In writing this book on naked conversations the authors, remain faithful to their title, and present their ideas in a reasoned and straight forward manner. The general style of writing in the book is often conversational and just like reading a blog. There are several memorable quotes and punch lines, sprinkled all over the book, which are often funny, insightful, defiant, outrageous, and even unprintable. These features enhance the readability even when some of the ideas may seem hard to digest.

Ultimately the book is about business blogging – Blogging by employees and executives. Being a college student in the current internet age with access to Wi-Fi, cloud computing, and laptops, most of the ideas presented in the book seem to be dead on and at times, feels like preaching to the converted.

However while there may be tons of stuff to blog about for execs, marketers, product managers, entrepreneurs, or employees in the tech sector, the book doesn’t offer much insight about the vast majority of others – like say workers at General Motors, machinists at Boeing, several layers of staff in non-security related government departments, etc. Perhaps only time can tell how these groups evolve in blog adoption and usage.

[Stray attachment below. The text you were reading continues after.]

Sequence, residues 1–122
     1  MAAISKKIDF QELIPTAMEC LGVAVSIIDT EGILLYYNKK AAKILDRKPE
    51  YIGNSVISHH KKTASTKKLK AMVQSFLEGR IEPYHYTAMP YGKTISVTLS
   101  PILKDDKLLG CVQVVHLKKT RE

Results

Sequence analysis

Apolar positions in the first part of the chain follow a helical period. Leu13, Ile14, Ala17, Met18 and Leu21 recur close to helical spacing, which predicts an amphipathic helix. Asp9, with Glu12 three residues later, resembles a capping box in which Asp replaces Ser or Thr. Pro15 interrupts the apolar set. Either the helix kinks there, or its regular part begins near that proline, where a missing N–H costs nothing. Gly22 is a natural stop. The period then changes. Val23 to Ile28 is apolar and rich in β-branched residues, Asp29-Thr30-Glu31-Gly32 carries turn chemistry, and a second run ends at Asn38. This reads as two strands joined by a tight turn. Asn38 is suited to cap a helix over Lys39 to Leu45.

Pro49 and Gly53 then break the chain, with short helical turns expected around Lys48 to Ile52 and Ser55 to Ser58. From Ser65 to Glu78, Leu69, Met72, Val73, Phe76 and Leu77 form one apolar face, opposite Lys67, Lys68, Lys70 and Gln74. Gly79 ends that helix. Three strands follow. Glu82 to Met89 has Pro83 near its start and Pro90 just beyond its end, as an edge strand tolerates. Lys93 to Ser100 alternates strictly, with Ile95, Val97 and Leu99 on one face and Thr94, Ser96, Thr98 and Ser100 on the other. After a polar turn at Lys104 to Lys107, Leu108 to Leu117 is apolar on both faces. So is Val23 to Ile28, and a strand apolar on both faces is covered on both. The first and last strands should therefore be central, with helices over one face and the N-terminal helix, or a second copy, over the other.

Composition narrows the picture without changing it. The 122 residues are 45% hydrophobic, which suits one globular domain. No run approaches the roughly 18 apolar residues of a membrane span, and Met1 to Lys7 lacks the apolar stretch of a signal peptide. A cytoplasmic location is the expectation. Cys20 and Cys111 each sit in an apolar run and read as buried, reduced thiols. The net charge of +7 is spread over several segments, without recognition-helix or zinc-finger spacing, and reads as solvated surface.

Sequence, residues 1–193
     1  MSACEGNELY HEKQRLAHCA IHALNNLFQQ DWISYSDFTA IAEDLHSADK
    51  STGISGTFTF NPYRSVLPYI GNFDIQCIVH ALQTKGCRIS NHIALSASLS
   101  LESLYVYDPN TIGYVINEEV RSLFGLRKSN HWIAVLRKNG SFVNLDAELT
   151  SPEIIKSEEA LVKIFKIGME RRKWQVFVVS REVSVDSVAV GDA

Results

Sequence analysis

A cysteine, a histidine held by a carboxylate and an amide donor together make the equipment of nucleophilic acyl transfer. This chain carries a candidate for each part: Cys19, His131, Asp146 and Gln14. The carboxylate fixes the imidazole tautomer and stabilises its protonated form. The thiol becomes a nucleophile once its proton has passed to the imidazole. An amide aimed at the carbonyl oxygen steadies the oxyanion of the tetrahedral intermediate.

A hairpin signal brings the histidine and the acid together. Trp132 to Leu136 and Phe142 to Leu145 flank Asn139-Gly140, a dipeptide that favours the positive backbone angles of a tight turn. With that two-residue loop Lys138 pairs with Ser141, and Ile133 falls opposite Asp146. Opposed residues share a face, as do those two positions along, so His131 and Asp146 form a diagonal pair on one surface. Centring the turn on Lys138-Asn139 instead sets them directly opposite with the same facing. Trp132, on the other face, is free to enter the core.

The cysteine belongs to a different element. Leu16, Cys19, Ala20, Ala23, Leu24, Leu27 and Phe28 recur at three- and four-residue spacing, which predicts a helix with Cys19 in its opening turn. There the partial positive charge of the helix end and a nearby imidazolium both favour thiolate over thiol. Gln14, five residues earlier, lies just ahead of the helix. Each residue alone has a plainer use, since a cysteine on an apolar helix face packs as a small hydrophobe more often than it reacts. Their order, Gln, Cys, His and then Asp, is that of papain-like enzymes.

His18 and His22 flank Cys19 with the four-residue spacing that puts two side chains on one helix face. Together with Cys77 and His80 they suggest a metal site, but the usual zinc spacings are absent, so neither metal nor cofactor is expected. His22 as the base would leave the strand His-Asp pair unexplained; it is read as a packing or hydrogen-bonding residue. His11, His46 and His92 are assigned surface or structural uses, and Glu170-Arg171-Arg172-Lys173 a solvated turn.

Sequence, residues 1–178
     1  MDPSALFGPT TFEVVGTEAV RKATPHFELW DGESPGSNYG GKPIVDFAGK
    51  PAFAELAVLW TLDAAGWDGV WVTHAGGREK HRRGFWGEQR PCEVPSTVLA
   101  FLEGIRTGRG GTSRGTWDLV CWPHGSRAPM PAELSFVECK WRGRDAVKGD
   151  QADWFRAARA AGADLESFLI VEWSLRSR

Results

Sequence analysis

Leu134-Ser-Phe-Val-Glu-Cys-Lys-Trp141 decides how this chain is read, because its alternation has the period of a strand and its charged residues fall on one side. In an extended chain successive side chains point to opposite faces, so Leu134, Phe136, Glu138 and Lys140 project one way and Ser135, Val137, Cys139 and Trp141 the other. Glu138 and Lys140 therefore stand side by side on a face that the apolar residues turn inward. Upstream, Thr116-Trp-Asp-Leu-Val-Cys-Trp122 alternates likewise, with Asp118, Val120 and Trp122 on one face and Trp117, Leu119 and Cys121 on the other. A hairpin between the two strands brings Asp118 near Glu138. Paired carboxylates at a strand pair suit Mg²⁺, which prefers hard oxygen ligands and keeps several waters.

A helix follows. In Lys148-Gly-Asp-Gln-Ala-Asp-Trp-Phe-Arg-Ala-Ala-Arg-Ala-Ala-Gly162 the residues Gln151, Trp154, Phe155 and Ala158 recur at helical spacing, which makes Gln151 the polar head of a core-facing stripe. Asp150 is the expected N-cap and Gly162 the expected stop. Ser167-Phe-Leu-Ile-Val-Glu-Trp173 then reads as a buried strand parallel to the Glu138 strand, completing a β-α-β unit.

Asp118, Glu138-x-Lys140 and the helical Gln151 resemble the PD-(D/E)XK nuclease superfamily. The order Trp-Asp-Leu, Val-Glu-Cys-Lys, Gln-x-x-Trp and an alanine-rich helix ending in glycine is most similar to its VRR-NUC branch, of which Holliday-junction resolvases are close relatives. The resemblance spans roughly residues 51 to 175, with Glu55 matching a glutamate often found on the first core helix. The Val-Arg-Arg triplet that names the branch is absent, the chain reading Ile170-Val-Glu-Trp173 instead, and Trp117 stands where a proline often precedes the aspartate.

One last central issue would be concerning vigilantism in the blogosphere. From reading the book, my understanding of the blogosphere is like comparing it to a mega sized city with practically no law enforcements other than citizen vigilantes, where anyone can say anything and anyone can listen, but if what is being said is deemed to be untrue or flimsy, the listeners descend on the speaker and lynch him (verbally), until he retracts and turns ‘good’. Check out this article in the Forbes magazine – Blogosphere to a lynch mob.

On the whole an excellent and insightful read, and I am off to start my own blog now.

Quote – “Like the gold miner who carefully plies his trade, a corporate employee can do a lot of great things with a blog – make the company more approachable, build relationships and partnerships, scale out evangelism or PR efforts, or even just arrange a dinner for fellow geeks. But if you mishandle your responsibilities, you can find yourself dooced or even worse (yes, there are worse things than getting fired – for example, sued)” – p195

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One Comment
  1. Who gets to be the first person to touch, feel and review the latest releases (atleast in the tech world) – BLOGGERS.I never noticed this before reading the book. But now I realize that at every new product launch event the first people who get invited and get to play with the products seem to be bloggers. – Recently, Nokia Touch, Azure, Steve Jobs launces, the next Msft OS, have all been blogged about extensively.